The national mammogram debate intensified this week with the release of a pair of studies that opened old wounds about the recommended frequency of preventive studies for women in their 40s.
A blog post from NPR’s Rob Stein compiles comments on both sides of the issue, including those from the U.S Preventive Services Task Force, which cautioned that mammograms can startle patients unnecessarily at the least or lead them to unneeded surgery at the worst.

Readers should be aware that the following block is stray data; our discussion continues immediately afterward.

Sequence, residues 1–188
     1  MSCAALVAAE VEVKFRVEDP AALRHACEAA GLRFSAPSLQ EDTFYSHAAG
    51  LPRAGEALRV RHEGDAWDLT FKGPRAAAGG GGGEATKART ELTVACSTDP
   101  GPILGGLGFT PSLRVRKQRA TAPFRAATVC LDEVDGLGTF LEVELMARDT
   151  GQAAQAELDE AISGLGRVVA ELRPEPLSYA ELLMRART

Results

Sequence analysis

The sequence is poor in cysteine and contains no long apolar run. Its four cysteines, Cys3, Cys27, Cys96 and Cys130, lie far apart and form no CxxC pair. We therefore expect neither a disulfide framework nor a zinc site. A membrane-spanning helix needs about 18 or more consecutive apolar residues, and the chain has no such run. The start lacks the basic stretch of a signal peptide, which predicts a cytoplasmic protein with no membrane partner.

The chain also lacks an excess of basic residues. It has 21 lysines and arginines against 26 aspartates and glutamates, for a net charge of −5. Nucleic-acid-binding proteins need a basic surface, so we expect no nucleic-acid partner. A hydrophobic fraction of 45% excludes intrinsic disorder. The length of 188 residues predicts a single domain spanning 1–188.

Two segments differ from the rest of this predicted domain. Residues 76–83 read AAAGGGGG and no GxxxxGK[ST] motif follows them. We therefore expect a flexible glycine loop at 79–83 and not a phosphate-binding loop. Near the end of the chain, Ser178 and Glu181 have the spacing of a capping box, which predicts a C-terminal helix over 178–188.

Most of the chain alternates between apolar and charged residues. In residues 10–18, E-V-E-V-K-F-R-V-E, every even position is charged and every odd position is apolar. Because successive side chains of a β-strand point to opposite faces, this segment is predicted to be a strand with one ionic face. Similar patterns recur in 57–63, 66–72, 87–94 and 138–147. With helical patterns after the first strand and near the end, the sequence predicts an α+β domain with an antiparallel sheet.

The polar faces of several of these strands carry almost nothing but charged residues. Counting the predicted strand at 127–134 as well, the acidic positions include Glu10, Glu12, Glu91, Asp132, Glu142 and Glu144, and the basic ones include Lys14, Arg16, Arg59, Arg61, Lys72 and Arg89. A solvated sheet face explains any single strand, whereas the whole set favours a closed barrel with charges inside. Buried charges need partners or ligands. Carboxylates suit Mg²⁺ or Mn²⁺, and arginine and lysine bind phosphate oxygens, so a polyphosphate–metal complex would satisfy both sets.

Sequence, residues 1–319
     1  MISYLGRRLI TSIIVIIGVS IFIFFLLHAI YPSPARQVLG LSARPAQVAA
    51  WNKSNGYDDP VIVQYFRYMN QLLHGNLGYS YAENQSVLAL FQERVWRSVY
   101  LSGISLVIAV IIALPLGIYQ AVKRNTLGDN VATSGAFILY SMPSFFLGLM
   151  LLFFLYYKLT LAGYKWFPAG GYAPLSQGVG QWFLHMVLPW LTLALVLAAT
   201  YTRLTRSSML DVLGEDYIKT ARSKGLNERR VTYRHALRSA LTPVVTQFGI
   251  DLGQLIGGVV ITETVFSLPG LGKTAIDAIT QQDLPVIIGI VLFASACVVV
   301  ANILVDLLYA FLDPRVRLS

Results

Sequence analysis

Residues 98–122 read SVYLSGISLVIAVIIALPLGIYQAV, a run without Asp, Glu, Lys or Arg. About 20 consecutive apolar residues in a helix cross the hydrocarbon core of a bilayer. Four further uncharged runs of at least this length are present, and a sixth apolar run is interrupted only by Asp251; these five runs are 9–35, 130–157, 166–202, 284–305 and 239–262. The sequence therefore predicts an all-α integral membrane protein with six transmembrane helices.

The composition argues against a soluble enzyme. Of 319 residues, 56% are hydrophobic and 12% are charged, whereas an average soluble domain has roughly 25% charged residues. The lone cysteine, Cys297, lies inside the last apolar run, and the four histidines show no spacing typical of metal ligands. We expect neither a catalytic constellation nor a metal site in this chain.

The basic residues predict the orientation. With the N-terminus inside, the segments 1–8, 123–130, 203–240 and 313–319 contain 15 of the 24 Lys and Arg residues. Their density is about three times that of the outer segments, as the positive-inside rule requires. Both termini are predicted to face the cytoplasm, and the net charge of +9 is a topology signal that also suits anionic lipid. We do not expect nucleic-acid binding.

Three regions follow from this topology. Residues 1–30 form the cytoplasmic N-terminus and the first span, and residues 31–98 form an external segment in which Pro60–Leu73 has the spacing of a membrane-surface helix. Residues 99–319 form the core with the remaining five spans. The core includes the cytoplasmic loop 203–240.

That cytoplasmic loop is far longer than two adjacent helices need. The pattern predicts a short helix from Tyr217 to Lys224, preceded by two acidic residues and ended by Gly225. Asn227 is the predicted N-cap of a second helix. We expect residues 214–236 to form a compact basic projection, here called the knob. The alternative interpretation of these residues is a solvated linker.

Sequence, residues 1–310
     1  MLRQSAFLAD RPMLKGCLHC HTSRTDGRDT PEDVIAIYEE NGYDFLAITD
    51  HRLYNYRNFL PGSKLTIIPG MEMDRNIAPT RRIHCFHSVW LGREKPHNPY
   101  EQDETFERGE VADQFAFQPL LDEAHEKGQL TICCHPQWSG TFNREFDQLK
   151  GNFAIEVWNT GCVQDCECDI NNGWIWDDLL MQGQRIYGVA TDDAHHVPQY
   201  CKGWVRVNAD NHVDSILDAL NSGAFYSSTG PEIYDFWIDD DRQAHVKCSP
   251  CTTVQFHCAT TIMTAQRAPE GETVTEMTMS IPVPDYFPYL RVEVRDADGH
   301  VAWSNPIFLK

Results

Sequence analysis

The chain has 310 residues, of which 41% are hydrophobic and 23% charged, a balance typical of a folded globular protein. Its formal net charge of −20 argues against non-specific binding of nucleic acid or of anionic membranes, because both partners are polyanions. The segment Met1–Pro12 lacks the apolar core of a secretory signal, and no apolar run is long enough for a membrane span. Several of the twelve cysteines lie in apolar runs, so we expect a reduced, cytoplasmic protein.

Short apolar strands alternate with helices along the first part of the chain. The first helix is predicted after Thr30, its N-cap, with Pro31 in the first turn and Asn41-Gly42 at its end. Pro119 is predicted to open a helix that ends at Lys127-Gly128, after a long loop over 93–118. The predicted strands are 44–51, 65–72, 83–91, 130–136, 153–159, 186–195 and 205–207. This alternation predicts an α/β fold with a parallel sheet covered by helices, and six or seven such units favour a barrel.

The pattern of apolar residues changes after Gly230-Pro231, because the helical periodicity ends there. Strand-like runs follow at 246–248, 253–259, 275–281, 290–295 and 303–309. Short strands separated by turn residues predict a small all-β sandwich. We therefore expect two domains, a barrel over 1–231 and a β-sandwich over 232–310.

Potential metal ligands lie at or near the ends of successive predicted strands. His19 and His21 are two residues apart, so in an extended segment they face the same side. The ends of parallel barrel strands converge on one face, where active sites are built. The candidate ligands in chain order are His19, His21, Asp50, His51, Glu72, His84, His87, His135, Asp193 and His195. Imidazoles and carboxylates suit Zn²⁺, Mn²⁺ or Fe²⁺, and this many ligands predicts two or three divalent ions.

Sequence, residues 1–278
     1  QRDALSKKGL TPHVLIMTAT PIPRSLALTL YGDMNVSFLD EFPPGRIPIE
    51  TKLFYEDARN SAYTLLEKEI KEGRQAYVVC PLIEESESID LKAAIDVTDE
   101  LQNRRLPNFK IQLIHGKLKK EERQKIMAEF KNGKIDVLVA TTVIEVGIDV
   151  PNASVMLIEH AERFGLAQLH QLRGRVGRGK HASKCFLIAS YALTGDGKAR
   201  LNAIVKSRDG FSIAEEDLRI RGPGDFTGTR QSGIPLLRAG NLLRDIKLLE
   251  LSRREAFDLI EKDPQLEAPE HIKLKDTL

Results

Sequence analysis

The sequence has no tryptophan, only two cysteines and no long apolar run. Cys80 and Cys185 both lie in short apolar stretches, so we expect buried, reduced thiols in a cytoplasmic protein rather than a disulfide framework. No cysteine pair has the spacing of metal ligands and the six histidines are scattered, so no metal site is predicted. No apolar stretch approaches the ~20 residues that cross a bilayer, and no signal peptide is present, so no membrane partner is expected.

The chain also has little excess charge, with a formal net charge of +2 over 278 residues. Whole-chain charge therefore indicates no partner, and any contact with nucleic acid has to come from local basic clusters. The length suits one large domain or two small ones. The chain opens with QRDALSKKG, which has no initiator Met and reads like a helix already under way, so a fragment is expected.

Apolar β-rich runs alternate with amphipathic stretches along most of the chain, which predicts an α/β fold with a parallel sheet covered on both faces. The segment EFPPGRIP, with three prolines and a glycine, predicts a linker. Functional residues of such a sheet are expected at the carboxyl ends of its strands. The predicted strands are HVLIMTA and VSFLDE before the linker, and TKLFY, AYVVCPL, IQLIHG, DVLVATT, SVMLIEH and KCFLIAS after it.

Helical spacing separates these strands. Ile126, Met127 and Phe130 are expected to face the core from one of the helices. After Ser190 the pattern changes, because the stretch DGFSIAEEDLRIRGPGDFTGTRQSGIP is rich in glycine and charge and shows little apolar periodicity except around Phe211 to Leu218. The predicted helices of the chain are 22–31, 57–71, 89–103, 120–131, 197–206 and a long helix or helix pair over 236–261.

On the other side of the issue is the argument that early detection saves lives by catching smaller tumors that could develop into bigger problems. The latest discussion centers on the notion that two critical factors—breast density and first-degree relative with cancer—warrant enough of a risk to mandate annual scans for a woman, regardless of her age.
With state and federal legislation pending that would mandate disclosure of breast density to every mammogram patient and potentially cover adjunctive scans for dense-breasted women, there is some sense that any legislative decision will follow a clinical consensus—if and when it emerges.